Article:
11.
systemi which sents part icularly dlanger
withi a low st anbard of living take the
a higher gr'ade.. Yet' I tilink \vhmen the
>etter . the bet ter' was abmle to take adIvan
'len you say to the laborer wh'lo has pr'e
ci' dIte.'' the niumbeidr of pecoIle' who are
a the number of those who are crowded
In Insanity . ..
mmond, the Distinguished
(ienist.
premotOnitory symtidtoms of the mtore prev'a
ntity that cani be couinted on, as na genera'l
ich is olaimting its v'ictimas in tremnendous
L' many13 phiysicail signs that. arie almost in
ed twitching of the facial muscles in coli
asional tendency of thle eye )to turn' out
yss of the legs; the flabbiness of all must
at give wvarning that a mian is about t.o
mtanlne-thle symptoms are often similar
mugh gcnew'lly the (isease gives the vie
.The eyes aro abn)iormially br'ight, the
n1air' of tremendotts excitenient is apptar'
that, something is abot to hat~pen.
r'evhlent among foungor persons. I'0xces
mnble, allied to a weakened phlysicnl sys.
itself throuigh the gradual loss, of sowie
ow'
a in an' alarming syniptom ni one(10 that
udtt attentionm -he patient, if taken at
not. flei' the disease fins got a firm ht'
nt typie of inisanity,,Is almost Invariably ini.
d, conceited exp)resion of countenance.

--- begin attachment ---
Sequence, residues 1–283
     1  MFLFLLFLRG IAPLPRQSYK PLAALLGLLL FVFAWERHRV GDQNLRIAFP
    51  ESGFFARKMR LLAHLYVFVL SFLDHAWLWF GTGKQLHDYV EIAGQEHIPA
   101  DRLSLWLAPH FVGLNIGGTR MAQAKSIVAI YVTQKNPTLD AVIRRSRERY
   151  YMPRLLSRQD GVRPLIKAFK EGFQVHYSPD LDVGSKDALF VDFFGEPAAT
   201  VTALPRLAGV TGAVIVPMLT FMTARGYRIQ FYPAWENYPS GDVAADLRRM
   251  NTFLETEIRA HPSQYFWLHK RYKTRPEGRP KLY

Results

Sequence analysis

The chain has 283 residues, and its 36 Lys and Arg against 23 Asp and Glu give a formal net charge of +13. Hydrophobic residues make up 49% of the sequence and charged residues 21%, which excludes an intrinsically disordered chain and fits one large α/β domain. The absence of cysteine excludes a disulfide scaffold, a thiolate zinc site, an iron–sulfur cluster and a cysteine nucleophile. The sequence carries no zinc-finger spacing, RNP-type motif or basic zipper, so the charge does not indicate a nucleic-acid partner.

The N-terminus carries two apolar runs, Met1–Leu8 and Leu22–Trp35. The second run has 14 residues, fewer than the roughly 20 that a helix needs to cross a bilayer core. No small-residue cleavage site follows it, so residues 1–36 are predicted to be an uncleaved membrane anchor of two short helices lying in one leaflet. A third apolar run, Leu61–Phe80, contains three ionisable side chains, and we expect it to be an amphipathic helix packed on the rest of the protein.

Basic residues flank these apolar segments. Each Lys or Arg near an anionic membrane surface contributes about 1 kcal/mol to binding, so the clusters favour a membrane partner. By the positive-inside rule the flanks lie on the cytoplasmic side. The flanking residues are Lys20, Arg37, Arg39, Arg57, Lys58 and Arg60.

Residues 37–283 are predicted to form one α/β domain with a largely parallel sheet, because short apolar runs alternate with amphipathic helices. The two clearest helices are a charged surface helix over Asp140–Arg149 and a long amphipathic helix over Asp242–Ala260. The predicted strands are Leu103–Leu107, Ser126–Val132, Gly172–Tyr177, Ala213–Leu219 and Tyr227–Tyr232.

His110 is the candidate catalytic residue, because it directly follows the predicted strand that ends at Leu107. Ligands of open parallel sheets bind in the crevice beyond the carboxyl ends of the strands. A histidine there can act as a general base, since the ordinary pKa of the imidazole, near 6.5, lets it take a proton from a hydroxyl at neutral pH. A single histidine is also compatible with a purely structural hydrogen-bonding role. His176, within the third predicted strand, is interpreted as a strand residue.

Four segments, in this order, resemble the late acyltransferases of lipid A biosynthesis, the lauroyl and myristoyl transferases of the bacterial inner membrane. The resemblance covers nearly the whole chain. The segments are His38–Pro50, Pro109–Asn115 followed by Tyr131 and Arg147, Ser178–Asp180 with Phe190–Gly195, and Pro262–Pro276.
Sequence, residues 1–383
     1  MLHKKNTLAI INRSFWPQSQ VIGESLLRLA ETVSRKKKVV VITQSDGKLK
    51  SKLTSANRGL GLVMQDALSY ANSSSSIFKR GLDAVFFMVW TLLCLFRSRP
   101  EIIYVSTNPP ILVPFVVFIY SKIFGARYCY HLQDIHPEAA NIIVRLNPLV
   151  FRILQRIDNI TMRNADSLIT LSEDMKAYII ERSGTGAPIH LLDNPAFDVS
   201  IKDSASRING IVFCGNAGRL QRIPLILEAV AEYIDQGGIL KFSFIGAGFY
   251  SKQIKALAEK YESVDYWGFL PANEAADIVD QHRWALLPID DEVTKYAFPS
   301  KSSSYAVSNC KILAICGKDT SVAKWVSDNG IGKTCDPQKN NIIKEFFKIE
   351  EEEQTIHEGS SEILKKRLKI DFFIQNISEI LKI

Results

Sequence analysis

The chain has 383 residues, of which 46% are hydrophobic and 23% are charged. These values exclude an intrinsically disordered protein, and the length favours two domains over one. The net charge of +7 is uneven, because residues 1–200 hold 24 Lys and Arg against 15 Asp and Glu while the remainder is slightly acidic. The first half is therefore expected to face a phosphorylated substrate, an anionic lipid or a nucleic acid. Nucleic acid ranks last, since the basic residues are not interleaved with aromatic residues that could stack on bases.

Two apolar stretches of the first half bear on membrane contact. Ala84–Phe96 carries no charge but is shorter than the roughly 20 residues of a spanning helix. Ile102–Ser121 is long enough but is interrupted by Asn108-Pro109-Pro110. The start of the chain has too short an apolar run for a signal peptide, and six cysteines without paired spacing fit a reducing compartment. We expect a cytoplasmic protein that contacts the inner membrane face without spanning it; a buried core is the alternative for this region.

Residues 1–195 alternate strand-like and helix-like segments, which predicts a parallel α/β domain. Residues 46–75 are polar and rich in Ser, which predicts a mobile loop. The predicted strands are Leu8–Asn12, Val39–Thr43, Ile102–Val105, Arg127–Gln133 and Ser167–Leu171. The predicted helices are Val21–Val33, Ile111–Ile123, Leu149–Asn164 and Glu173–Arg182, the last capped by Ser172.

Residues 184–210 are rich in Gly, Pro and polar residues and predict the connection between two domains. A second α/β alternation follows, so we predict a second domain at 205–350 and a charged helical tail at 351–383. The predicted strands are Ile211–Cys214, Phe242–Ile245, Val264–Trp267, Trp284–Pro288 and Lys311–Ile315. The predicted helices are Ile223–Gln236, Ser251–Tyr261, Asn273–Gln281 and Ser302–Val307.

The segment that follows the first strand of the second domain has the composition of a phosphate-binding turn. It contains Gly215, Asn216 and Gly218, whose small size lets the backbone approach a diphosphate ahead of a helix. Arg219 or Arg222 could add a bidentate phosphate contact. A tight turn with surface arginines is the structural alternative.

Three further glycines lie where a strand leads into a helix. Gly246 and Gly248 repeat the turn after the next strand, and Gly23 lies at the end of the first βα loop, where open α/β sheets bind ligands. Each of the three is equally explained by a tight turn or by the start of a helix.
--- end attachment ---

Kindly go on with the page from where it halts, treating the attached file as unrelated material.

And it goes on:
emyptuiously andI hi evemry way shows his
tion. He Is absolutely cQntt:ohled by the~
, "1" He is a monomaniac with one set
Sunday Wm-l(I.
h rs
A 5u l~ y' ,(ood niawvnin n
u inust tell 'i ;'Iowd--dQ!~
)s livinn' ainl't nofil
)race is t bo
'"en de t. a glnn;p
lee up, un) un
Lf -ou w p ter
10 de$ a Con <e }"o
e ra e4
'en de bright stml 'y iodmawnin'
liie Ip,*e run
For ten yea'se Mr. G. Heming
Magnus had . be-i a writer' for the
lesser magazines. -He wrote hort
stories and essay* ; and $ent ,he ib
the editors in the hope they' wpuld
bo .accented. His -stamp: bill swas
very larie.
Still. letsevei'ance, a mild hitch
tion, and knowledge (lug fr.Pm the
encyClopedias will tell iii time. 1-11s
accepted manuscripts increased in
number. This perked hini up. I-'e
started a bank account of inoderate
dimensions. Notliinig makes a man
so brave as a hank accoiunt.
And he joined two or three "lit
erary clubs," wherein lie .ivas a
"lion."
. Pale, bespectacled ladies with
Yearnings assured him that they had
read his articles in the Ladies' Fire
side Instructor on "Every Woman
Her Own Sandow," and it was "love
ly." This pleased Mr. Magnus al
most as much as (id the editor's
check.
He was a siender man, with droon
ing shoulders, mild blue et. 'ii . a
sandy Vandyke ld. When
"lionizet,. 1'ityi .,to twist this
n*into a sharp point and stab
nlmself upon his shirt front. Though
his legs were wobbly and hIs feet
large, his "heart was in the right
place." This he knew from the fact
that when startled by a sudden
noise it "beat thick and quick, like
a madman on a drum,"
A sbdisterous doctor came up be
hind him, slapped him on the shoul
dert and howled:
"Maggy, old man, how're the b:u
tal editor men?"
The heart, which was in the right
place, began thumping. Ma.n::m
wheeled and faced hini, wath in his
pale eyes.
"I (do so hate to he called 'Maggy,'
he snapped. "It really .is not my